First purchase of yard art is traditional lion.

When my husband and I acquired our perfect paradise in the ‘burbs from where I would commute to Houston every day, I longed for a lion to decorate my lawn. John made this first purchase, coming home with a perfectly acceptable example of concrete artistry. However, by then, I’d spent some time covering the Vietnamese immigration to Port Arthur and Kemah after the fall of Saigon and also had become heavily influenced by Asian writers including Amy Tan who wrote of superstitions and traditions that remind me of my East Texas, cotton-picking pioneer mom on the other side of the world. My heart was set on Chinese lions, something unique and more a reflection of the cool souls who resided with me.

That’s when the honeymoon was over. At the same time John came home with a concrete lion, I fell totally in love with a green concrete gargoyle at a favorite gardening store and, despite him weighing more than 100 pounds, brought him home and placed him on the porch beside John’s lion. I promptly named him Verdecito, the little green one.

Verdecito -- the little green one.

Verdecito — the little green one.

My more conservative husband with Bible study at our home on Thursdays freaked. That’s putting it mildly, and, I must admit that Verdecito has a bit of a demonic appearance. I reject such superstitious nonsense and have tried hard to keep my mom’s many omens and traditions out of my kids’ psyche even while they torture me daily. Still. I loaded up Verdecito and took him to work with me where he resided for months in the backyard of my friend’s communications company on Quenby in the city.

It took a while before John could convince me that, on second thought, Verdecito was wanted. It felt like a kidnapping adventure for poor Verdecito who experienced many “proof of life/concrete” days before I brought him home.

Then, I, too, compromised. After buying a series of gargoyles, John suggested I should add variety. I bought a long skinny dog who reminded me of my German short-haired pointer, Andy; a beautiful huge snail who I named Paul and a happy relaxing frog, named Cecil.Andy

When my daughter started going to Texas Tech, I’d saddle up my old ride,  Vinny, and trek the eight to 10 hours west, stopping at garden shops with concrete art along the way. I acquired a huge green horned toad, among others. John was frustrated, and I must admit now that I may have had a yard art problem. He suggested it would be different if I had a theme.

“A theme?” I cried. “I had a theme. It was gargoyles. You said, ‘no more'”

I promptly and surprisingly ran into the exact same gargoyle as my original, only in gold. Orocito joined the family and John acquiesced somewhat. Clearly, I couldn’t be deterred.

Horned

Yikes! I’m thinking as I write this. He may be right. I hate when that happens.

I have ventured into other yard decor since the controversy over concrete art and none have really pleased my beloved mate’s sensibilities. When we added the backyard pool recently, he took the redesign to move all of my favorites into an area that he now calls my “English garden.” As we say in Texas, “that’s just putting lipstick on the pig.”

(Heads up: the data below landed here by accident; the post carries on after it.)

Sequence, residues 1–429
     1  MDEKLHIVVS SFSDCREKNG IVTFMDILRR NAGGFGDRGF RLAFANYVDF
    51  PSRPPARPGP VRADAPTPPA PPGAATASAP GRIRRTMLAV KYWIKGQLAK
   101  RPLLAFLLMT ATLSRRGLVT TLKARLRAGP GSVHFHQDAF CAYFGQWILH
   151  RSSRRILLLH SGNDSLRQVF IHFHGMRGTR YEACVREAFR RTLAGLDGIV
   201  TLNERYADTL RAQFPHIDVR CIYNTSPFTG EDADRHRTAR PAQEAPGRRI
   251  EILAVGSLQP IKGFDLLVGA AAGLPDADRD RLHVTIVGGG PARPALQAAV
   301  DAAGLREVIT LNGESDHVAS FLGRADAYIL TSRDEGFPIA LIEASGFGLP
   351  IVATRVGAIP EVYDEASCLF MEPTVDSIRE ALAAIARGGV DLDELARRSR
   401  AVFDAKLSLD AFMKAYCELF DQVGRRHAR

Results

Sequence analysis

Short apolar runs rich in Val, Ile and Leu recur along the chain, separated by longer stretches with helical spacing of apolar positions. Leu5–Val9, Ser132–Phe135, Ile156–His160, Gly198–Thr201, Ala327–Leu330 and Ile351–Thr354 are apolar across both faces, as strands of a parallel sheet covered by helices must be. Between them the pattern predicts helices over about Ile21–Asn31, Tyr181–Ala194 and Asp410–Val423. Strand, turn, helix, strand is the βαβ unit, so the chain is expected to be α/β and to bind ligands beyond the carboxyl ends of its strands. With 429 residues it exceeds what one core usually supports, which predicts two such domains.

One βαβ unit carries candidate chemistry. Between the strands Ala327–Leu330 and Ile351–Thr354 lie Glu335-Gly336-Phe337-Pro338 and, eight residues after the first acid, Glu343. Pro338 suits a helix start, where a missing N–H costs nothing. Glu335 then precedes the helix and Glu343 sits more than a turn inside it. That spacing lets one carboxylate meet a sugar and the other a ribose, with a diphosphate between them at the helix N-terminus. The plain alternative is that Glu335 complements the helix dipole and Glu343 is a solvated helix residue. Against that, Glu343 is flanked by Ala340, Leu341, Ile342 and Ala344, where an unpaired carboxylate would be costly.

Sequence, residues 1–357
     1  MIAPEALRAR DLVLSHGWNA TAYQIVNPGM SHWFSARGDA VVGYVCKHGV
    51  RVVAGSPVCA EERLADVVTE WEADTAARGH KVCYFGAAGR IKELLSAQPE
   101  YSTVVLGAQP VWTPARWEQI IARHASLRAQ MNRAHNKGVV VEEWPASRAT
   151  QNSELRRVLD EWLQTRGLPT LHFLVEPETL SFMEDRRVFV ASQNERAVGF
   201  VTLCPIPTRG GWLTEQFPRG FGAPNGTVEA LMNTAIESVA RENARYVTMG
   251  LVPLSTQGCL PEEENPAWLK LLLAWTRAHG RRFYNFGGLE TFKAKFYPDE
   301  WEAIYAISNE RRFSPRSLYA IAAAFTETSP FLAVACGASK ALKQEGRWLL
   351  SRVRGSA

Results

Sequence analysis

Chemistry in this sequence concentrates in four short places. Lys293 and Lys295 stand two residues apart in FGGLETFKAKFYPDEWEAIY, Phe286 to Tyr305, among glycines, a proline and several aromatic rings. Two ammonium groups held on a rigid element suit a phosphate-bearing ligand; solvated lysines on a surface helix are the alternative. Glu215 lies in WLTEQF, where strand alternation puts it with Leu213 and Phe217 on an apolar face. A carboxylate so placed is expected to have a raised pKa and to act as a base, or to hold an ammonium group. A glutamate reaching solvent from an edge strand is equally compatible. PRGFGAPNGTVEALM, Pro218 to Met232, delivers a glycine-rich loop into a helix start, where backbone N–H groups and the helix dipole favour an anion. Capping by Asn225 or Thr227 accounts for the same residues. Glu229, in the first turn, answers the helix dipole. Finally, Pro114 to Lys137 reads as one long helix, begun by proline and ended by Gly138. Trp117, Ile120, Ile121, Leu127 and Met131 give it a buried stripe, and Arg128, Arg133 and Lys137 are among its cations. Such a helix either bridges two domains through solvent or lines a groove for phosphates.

My goal is to let my spirit soar in the English garden. My humble roots and untraditional taste will out and prove to be so artistic it is kitschy. Meanwhile, John has allowed my one recent purchase, the meditative frog who I’ve named Bruce (after Lee as much as Springsteen) to remain poolside. Hoorah for small victories.

Weathered birdhouse

Weathered birdhouse

Butterflies from North Carolina

Butterflies from North Carolina

These three glow-in-the dark creatures have not aged well.

These three glow-in-the dark creatures have not aged well.

Written by commuterchroniclesdbh

June 28, 2015 at 2:31 pm

Right smack in the middle of my life

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You spend a lifetime making clear choices, dictated by specific nuances and needs from the family you love and the internal drive of your DNA. Then, you find yourself in the middle of your life – a lot behind you but as much in front of you. The kids are grown, the job satisfying, the marriage good, and your next decision is open to anything.

Shall I travel or stay home. Do I want to shop or read? Bike or walk my easy hound? Shall I have white or red wine?

I think of my life in 10- to 15-year increments. Fifteen years a highly driven reporter, 15 years an intense mom with a bit of teaching and freelance writing on the side, now I’m into the latest 10 to 15 years as a commuter and writer in the big city of Houston.

As a young reporter, I met and profiled celebrities, politicians and criminals of the day. I wrote stories about characters that my students at University of Houston barely knew because they were too young when those headlines were made. Janis Joplin, Karen Silkwood, Mark Chapman, John Hinckley, Mick Jagger, Bob Hope. I covered Jesse Jackson and Ralph Nader at the apex of their careers when they were crossing barriers and debating issues that no one else considered and not when they were controversial caricatures of themselves. Jesse Jackson moved me like no other politician, Jimmy Carter’s smile dazzled in the days after his election, and Ronald Reagan walked easy among the people.

I’ve enjoyed interviews from my last 10 years as much as any from my Page 1 journalism days. Heart surgeon Michael DeBakey, up-by-the-bootstraps billionaire George Mitchell, statesman, ambassador and father, Roy Huffington are all visionary men who surpassed mental boundaries to think and go places beyond the grasp of most people. I routinely visit with a researcher who is probably one of the top two or three mathematicians in the world. I’ve discussed DNA with a scientist who helped sequence the human genome. I’ve held my breath as I watched a heart start to beat again after open-heart surgery.